Home Forums General Discussion Forum Removing clock wheel

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      Hello everyone,

      How do i go about removing this gear? Also this clock is a perivale british clock and i have cleaned and oiled and polished the pinions and it still doesnt run. There is end shake on all gears and it looks like the last person who worked on it replaced the bushings. It looks like some need to be replaced again. Can bushings that are not totally bad be the cause of a clock not running.


        Take the wheel and spring washer off of the arbor first and then place the plate on a vice and do the jaws of the vice up to offer as much support as possible around the arbor but without any grip on it as you want it to pass through the jaws. You then hit down on the arbor so it passes through the brass lifting cam. It is a very tight friction fit and the ends of these arbors tend to be quite soft so it is easy to destroy the end on the thread when hitting the arbor. I would put the had nut back on so it is level and then place a hard piece of wood on top before you hit it. Dont go too hard on it, I find fast light taps will be enough.
        In all honesty, if the pivot hole is not that bad then I would just clean around it as best you can and leave it at that. If you do miss hit it and ruin the thread it can be a pain to sort out, not to mention the fact that when you have bushed it you then have to hammer the lifting cam back on. I have made a brass punch to do this which is just a piece of brass rod with a hole deep enough to allow the arbor to move into as it pushes the cam back on the arbor. It is either supported in the vice or in a split stake. Dont forget to do this before you put the plates back together.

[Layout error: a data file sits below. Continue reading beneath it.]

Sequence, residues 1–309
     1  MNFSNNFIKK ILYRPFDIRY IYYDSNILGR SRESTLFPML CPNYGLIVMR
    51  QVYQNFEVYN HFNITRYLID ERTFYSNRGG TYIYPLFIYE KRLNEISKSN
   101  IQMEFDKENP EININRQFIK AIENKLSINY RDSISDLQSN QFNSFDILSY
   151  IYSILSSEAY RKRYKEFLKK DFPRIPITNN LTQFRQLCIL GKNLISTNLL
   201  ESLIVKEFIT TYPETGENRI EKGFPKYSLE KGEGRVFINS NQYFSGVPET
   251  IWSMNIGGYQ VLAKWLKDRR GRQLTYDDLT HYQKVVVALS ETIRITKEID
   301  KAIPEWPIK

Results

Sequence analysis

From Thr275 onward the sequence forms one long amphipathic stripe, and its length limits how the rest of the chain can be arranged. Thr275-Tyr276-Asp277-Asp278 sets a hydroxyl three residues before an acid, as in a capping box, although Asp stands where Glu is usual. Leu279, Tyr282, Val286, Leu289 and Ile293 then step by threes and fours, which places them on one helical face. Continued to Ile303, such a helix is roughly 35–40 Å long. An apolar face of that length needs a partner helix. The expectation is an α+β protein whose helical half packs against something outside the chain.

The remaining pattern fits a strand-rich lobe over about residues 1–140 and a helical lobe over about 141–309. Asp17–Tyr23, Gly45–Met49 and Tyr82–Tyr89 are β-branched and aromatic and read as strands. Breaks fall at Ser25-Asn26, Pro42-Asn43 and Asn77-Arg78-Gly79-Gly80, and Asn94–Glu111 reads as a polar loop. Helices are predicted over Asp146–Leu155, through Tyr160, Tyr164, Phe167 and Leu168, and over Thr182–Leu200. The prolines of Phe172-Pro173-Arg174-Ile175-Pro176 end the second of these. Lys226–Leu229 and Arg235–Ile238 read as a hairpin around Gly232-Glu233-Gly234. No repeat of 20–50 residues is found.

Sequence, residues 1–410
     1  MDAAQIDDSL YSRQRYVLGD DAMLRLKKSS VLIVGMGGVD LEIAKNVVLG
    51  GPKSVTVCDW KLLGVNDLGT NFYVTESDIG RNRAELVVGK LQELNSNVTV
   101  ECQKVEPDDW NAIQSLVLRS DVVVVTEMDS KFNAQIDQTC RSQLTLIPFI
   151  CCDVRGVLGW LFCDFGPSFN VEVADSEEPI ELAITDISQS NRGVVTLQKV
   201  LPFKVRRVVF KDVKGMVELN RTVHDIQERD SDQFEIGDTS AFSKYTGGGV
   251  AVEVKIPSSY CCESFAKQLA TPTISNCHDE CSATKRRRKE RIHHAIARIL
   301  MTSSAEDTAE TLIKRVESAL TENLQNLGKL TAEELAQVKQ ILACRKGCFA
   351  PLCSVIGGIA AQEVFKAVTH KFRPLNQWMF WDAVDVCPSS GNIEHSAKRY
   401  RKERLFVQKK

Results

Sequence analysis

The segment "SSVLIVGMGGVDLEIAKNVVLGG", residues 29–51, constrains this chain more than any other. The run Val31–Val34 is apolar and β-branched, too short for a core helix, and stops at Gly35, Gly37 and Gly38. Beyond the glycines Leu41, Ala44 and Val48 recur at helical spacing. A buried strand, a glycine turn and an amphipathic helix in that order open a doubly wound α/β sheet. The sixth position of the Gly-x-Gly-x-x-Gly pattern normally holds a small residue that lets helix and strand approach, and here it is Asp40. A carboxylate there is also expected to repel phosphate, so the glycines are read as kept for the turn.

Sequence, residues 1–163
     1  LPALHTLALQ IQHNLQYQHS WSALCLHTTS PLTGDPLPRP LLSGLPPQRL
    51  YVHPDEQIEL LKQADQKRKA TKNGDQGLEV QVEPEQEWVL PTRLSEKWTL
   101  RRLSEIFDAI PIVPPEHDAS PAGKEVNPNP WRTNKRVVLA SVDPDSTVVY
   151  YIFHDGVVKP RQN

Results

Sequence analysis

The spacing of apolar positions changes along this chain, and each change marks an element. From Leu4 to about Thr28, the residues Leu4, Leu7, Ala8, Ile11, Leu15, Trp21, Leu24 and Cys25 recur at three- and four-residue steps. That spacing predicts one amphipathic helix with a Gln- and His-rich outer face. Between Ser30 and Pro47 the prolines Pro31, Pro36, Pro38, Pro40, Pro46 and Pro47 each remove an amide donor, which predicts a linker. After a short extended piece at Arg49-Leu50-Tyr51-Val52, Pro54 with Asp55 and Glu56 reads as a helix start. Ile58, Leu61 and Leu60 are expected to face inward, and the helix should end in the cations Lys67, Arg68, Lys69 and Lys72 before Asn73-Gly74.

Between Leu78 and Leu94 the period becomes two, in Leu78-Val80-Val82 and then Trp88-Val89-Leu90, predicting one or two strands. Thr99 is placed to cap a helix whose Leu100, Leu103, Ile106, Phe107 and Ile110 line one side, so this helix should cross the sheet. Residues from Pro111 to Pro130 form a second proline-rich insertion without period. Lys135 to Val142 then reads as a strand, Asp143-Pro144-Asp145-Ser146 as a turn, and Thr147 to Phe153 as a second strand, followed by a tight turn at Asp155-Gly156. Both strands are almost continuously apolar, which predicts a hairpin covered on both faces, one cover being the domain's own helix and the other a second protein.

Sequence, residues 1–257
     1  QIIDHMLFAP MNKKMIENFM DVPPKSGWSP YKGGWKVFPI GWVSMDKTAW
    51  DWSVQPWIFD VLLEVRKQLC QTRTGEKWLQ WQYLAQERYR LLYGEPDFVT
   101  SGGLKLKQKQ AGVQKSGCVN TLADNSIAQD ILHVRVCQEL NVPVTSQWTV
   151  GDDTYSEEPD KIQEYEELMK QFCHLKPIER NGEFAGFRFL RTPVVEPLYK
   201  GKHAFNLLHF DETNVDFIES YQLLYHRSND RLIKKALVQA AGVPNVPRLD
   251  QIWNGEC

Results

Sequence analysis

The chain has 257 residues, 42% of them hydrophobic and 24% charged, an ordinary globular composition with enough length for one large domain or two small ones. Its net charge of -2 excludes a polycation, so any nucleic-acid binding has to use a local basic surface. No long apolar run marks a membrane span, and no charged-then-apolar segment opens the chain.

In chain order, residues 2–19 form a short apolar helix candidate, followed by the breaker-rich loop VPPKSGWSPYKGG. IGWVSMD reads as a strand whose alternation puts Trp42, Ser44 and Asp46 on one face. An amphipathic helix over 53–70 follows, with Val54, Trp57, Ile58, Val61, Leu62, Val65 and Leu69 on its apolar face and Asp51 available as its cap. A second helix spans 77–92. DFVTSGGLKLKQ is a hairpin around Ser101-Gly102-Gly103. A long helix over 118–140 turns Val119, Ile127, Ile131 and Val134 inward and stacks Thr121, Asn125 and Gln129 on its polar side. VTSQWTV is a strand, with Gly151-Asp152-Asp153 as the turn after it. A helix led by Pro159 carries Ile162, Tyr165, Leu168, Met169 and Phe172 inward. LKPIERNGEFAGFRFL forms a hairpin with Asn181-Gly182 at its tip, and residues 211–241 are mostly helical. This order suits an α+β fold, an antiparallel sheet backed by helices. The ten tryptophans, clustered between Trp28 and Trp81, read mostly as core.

Hope that helps,

        bernie weishapl

          As Paul says be extremely careful when taking these out. If you happen to hit the end incorrectly you can break or bend the threaded end on these. It is a pain in the back side to repair these and unless it is a newer movement finding one is almost impossible. I generally put two screwdriver blades under it on either side. I turn them in opposite directions. Most times this will get it started. I have only had troubles with a couple of Urgos movements. I do this before I disassemble the movement. When I put them back on I assemble the movement and sit the back arbor/plate on a wood block the like Paul I made a brass punch to hammer it back on. The wood block keeps the back plate on a solid surface and protects the pinion coming thru the plate.

          I also have one of these tools. http://timesavers.com/i-8950873-cannon-pinion-puller.html
          I got mine from Black Forest Imports but see they are not listing them anymore but Timesavers has them. They are a little pricey but when it saves you from a mishap it will be worth it.

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